@migos.

In magic set problem, you have to select the good sequences (but actually it is sub sequences)

X_1, X_2, \cdots X_N

such that sum of each and every individual subseqences, let say the subsequences of

X_1 are X_{1a}, X_{1b} \cdots and so on

obtained by the good sequences, are divisible by m.

I know it is sounding a bit confusing but let me clear it up

first I am considering the sample input output itself

$

2,3\

1, 2\

$

if you are thinking that if we take consider the good sequence (which is a wrong idea)

\{1,2\} cause 1+2 = 3 is divisible by 3, wait and think. We have to see the sum of all subsequences individually

\{1,2\} has subsequences (ignoring empty) as

\{1\} Sum = 1 which is not divisible by 3

\{2\} Sum = 2 which is not divisible by 3

\{1,2\} Sum = 3 which is divisible by 3

We could have taken last one, but the all the subseqences of {1,2} didn’t satisfy the given conditions. So there are 0 good sequence

Now in 2^{nd} i/p

$

2,3\

1,3

$

We can consider a good sequence as \{3\}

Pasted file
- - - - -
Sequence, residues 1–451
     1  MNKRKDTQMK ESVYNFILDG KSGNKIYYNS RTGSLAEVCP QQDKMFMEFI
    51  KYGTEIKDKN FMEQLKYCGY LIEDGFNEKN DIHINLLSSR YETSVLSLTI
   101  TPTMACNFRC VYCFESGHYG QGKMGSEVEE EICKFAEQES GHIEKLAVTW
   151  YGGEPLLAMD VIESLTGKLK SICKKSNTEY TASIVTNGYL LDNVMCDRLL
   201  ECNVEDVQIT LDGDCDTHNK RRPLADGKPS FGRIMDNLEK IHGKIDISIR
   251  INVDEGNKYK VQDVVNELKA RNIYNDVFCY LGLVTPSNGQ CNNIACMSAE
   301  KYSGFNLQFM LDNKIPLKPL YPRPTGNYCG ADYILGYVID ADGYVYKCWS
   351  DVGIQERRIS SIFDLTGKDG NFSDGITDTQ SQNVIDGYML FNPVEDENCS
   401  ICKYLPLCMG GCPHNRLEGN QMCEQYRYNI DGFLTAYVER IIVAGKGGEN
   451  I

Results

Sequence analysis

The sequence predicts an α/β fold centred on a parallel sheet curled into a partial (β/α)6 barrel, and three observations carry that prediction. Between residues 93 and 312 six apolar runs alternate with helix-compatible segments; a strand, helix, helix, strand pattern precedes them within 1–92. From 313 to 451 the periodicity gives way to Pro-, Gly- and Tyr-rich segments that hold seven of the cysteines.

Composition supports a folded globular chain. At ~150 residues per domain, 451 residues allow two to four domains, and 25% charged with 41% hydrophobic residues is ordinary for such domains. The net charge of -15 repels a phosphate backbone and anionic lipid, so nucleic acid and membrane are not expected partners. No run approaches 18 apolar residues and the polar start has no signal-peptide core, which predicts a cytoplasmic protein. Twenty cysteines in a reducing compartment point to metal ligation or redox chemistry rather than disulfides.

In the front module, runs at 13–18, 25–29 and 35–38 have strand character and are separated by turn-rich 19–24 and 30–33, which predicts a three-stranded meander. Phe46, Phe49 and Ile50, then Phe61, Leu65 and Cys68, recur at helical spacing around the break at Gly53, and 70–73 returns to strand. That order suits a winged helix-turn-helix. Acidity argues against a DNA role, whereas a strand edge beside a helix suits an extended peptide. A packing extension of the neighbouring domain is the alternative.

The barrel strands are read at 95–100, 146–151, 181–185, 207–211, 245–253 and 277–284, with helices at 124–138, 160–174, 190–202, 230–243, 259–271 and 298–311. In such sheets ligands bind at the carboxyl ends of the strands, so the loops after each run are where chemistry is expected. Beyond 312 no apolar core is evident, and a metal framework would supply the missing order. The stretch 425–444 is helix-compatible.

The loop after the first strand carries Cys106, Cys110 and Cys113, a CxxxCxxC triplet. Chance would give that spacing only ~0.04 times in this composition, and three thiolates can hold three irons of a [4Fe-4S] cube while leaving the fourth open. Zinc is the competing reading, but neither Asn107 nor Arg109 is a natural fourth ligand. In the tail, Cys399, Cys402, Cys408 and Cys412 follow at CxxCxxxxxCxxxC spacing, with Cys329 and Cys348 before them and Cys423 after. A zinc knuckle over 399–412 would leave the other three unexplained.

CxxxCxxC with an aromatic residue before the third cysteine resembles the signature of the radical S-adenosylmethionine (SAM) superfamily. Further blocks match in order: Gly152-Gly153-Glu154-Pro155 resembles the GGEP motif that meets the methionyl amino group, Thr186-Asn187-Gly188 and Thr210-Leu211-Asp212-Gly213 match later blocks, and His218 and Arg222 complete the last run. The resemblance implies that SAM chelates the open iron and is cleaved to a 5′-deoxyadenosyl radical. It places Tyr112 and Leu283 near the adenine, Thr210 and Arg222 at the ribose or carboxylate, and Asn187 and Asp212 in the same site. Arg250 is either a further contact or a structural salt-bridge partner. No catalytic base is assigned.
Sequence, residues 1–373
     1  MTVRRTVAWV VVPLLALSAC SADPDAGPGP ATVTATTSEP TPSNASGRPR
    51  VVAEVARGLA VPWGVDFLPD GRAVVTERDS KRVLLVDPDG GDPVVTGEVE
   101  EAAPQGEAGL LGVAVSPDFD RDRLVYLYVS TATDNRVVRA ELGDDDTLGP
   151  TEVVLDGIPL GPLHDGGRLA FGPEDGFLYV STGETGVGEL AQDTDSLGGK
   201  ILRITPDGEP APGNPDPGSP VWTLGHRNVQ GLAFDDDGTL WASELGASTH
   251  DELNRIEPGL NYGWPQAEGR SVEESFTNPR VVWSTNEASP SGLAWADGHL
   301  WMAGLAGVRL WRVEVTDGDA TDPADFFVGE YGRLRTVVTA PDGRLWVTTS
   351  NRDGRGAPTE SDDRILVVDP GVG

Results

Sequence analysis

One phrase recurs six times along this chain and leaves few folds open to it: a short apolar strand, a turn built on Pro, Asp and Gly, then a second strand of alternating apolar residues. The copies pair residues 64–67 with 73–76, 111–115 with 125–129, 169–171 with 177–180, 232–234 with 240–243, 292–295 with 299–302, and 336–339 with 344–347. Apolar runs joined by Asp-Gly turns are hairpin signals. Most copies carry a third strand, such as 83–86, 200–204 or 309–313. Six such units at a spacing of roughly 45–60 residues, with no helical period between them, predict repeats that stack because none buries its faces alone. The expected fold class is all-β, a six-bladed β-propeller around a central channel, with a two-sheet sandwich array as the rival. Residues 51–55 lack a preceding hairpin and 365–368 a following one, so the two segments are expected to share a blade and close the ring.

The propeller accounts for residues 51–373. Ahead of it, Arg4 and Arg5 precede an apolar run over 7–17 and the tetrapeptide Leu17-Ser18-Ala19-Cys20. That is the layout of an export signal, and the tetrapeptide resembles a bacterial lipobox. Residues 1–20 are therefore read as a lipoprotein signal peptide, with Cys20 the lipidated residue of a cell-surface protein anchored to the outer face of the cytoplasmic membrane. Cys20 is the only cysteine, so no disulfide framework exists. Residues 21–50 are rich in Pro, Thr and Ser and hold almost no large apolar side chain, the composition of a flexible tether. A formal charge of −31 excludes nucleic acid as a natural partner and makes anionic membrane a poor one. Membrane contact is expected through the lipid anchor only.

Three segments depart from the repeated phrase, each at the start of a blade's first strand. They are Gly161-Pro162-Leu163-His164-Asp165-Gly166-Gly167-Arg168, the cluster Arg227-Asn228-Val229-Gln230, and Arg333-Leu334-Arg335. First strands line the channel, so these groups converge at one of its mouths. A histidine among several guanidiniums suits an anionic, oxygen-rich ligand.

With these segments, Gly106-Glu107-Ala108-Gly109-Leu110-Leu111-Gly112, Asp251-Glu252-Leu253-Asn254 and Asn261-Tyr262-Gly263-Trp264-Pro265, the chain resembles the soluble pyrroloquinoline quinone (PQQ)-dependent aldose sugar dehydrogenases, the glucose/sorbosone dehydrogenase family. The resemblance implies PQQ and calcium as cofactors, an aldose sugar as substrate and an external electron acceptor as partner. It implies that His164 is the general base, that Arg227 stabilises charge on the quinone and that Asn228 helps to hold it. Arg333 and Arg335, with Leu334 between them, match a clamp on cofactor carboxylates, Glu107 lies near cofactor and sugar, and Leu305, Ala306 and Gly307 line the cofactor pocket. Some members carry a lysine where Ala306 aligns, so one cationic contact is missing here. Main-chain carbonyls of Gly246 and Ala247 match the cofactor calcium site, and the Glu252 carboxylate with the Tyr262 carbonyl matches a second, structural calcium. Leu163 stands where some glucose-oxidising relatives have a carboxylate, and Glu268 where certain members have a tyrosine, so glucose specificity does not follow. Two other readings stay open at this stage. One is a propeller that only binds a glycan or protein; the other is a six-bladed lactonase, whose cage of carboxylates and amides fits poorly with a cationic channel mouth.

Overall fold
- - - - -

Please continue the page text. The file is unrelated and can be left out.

Since all susequences of \{3\} = \{3\} Sum is divisible by 3. So the answer is 1

One thing you notice you can only form good sequence which each element divisible by m or every element of good sequence must be a multiple of m as their sum has to be divisible by m. You can easily prove it if not then ask.

Now taking a another example

$

7,3\

3, 6, 9, 10, 11, 12, 13

$

So you have to select every sequences in which each and every element is a multiple of m which is 3

How many sequences can be there

\{3\}, \{6\}, \{9\}, \{12\}, \{3,6\}, \{3,9\}, \{3,12\}, \cdots and so on. You can see the pattern here.

Or the the simpler way is to make the largest subsequence possible which is \{3,6,9,12\} and count all its non empty subsequences as it will include all possible subsequences and which is the answer.

Or 2^{Size\,of\,Largest\,Subsequence} - 1 = 2^4 - 1 = 15

I hope you get it. See code https://www.codechef.com/viewsolution/19117599